We need to keep our eyes open about a lot of this stuff, and sometimes shocking words are good for that. Is it empowering or not when women get on stage in almost no clothing and most of what people ever see of them is that? Is it empowering for our media to be so full of the same few bodies that are the same few shapes? Is that what feminism looks like, what progress looks like? She has some measure of control over her career, but so does Ann Coulter. Okay, she's clearly better than Ann Coulter at feminism. So where on the spectrum of "really damaging" to "really healthy" is Beyonce's performance and image?

It's a place to start a conversation, not a place to finish it. Being Beyonce is clearly working quite well for Beyonce, but I think anybody should be troubled by that being the public face of feminism when we are so very far away from it being possible to be as famous for being a brilliant woman as for being a beautiful one.
posted by Sequence at 3:06 PM on May 8 [8 favorites]


We need to keep our eyes open about a lot of this stuff, and sometimes shocking words are good for that...It's a place to start a conversation, not a place to finish it.

This may be true, but calling someone a "terrorist" is how you end a conversation, never how you begin it.
posted by zombieflanders at 3:14 PM on May 8 [30 favorites]


From what I've read, bell hooks has an important point, namely that the fact that a woman of color making money off of a particular sexist/racist act or image doesn't strip it of its power to harm other women of color, nor does it dismantle the larger power structure behind racism/sexism. I absolutely agree with that.

I agree. I guess I just feel like, why put that on Bey's shoulders specifically? Also "anti-feminist" strikes me as rather cold and unfair, and also, like, misdirected. I think part of it is the difference between Bey is anti-feminist versus her actions in this context aren't feminist. Which maybe is pedantic, but I also think it's more compassionate, and focuses more on the structural aspects of the issue.
posted by likeatoaster at 3:17 PM on May 8 [8 favorites]


Looking at the wider context it's clear enough that she sees this image as constructing Beyonce as a "slave" but not so much because the image itself reads as "slave" but because it reads as infantalized/sexualized and that that is, by extension, part of the general disempowerment that is inflicted upon black women and has a certain continuity with their disempowerment as "slaves." I think it's an unwieldy argument.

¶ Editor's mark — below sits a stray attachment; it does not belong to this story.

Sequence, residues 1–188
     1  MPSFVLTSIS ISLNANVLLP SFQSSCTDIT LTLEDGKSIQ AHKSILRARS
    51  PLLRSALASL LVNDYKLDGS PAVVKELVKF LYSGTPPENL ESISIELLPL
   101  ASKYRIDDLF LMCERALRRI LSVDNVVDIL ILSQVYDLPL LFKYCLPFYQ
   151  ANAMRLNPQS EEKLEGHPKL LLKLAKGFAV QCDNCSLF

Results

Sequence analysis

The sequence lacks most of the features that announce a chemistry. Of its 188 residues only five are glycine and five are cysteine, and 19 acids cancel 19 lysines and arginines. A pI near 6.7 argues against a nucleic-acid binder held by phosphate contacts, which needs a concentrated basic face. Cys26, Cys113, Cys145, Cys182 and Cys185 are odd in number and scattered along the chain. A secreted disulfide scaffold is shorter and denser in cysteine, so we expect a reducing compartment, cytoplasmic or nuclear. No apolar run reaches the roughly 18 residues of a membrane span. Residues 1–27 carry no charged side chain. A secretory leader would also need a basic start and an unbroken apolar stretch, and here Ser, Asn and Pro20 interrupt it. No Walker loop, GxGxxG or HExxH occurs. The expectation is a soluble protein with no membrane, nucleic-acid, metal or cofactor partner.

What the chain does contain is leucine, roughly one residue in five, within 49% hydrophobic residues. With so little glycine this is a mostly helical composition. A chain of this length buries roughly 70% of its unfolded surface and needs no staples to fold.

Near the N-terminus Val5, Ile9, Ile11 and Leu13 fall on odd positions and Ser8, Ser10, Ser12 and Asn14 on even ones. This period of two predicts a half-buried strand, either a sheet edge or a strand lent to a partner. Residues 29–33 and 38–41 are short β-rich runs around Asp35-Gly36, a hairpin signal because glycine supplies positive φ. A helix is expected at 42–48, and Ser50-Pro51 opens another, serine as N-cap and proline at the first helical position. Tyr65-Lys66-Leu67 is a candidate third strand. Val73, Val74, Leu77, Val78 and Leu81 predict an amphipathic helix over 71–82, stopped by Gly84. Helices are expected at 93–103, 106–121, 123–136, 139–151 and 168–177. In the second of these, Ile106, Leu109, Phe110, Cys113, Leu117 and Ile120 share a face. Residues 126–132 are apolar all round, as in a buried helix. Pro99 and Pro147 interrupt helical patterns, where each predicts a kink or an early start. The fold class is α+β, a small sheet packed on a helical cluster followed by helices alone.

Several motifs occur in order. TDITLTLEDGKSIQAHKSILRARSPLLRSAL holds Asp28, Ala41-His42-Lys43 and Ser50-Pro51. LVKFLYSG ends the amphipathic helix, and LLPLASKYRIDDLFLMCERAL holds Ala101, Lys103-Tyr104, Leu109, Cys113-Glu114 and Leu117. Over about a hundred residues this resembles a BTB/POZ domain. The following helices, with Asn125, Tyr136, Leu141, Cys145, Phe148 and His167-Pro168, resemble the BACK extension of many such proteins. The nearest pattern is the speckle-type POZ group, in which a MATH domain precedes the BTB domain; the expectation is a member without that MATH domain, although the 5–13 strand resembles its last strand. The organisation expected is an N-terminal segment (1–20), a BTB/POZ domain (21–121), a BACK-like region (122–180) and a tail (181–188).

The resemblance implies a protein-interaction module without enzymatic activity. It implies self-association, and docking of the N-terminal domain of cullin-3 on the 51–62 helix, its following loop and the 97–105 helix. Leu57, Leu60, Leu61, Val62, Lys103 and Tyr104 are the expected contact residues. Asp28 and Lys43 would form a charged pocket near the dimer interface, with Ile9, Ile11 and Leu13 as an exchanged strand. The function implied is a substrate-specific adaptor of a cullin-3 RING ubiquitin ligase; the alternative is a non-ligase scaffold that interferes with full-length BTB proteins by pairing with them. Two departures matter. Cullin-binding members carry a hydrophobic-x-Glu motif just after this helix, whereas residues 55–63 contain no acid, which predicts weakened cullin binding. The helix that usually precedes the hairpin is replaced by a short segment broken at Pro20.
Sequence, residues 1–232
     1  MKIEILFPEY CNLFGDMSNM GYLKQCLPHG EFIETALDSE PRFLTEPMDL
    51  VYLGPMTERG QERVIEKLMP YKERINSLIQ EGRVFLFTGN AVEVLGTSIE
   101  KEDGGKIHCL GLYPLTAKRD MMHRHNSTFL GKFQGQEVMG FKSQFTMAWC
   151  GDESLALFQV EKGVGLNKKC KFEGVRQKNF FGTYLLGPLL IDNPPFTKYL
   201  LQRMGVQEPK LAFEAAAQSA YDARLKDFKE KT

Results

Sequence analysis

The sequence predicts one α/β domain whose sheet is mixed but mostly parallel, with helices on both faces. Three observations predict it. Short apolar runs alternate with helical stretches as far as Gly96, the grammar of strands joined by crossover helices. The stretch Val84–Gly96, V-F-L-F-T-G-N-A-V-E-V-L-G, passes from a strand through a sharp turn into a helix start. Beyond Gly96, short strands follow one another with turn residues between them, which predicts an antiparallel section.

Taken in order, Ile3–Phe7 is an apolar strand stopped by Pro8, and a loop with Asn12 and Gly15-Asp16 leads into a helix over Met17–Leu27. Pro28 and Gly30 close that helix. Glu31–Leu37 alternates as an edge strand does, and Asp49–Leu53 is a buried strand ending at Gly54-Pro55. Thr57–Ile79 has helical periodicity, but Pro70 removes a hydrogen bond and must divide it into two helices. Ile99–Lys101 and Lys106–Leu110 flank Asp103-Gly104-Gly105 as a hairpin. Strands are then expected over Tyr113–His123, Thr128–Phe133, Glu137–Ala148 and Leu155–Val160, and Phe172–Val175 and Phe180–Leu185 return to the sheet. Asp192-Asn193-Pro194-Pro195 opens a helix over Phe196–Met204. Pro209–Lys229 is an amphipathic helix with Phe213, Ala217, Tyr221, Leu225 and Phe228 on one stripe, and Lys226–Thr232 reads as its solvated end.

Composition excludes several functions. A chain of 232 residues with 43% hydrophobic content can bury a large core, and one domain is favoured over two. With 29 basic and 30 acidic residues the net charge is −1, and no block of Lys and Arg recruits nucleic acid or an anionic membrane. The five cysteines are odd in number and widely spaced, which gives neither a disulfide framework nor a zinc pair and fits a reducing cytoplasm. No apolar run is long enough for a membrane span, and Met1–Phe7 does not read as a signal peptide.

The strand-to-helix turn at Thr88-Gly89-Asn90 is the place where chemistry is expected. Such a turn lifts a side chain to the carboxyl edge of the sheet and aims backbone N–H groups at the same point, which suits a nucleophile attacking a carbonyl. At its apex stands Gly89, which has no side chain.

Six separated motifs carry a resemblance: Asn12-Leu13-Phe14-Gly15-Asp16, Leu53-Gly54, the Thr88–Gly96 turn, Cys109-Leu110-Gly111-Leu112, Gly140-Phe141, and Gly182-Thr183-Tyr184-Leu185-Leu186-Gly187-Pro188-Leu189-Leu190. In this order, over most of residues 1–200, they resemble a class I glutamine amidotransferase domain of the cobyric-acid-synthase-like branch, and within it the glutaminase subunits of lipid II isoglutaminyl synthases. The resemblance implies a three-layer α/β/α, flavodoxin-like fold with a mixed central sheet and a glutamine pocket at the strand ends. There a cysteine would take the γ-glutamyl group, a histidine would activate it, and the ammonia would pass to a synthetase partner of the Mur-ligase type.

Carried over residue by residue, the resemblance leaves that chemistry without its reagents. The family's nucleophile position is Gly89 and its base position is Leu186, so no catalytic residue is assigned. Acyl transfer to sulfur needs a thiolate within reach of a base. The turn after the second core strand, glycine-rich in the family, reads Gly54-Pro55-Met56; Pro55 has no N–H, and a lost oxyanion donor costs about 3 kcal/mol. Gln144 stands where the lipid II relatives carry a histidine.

Marci Blackman:
The Beyonce cover isn't just about denigration; it's also about, black women are supposed to be child-like and children. They need to be taken care of or bossed around...Let's make this powerful woman a little girl.

hooks:
A little girl we can lust after. A little girl we can prey upon. A little girl that can be Woody Allen's daughter taken up into the attic and sexually abused with people witnessing from a distance but taking no action on her behalf. Because I feel we have to draw those connections of our enslaved black female body to the enslaved bodies of all girls, all colors, with that predatory gaze.
hooks: Let's take the image of this rich, very powerful Black female and let's use it in the service of imperialist, white supremacist capitalist patriarchy because she probably had very little control over that cover — that image.

Janet Mock:
I think she had control of what she wore. She hires a stylist, who's been with her for a long time. They've developed probably that look for that specific cover...She has final cut approval, and she chose this image. So I don't want to strip Beyonce of that agency...

hooks:
But then you're saying, then, from my deconstructive point of view that she's colluding in the construction of her self as a slave. Are you still a slave? It's not a liberatory image.
It's a pretty poor reading of the image, I think. There's something just bizarrely kitchen-sinky about piling pedophilia upon slavery upon terrorism, and it all seems like a bad misread of the image itself--which is certainly not beyond criticism but is hardly either conspicuously "infantalizing" (it's not like a pigtails/schoolgirl outfit shot or some such) or some kind of slave-girl fantasy.
posted by yoink at 3:27 PM on May 8 [25 favorites]


FWIW, bell hooks has been instrumental to my growth as a political person and loving person many times over. Dismissing her for your distaste for her use of language (which she historically does very intentionally) or for how she capitalizes her name without spending more time with her work would be a shame: she has a lot to teach.
posted by wemayfreeze at 3:27 PM on May 8 [16 favorites]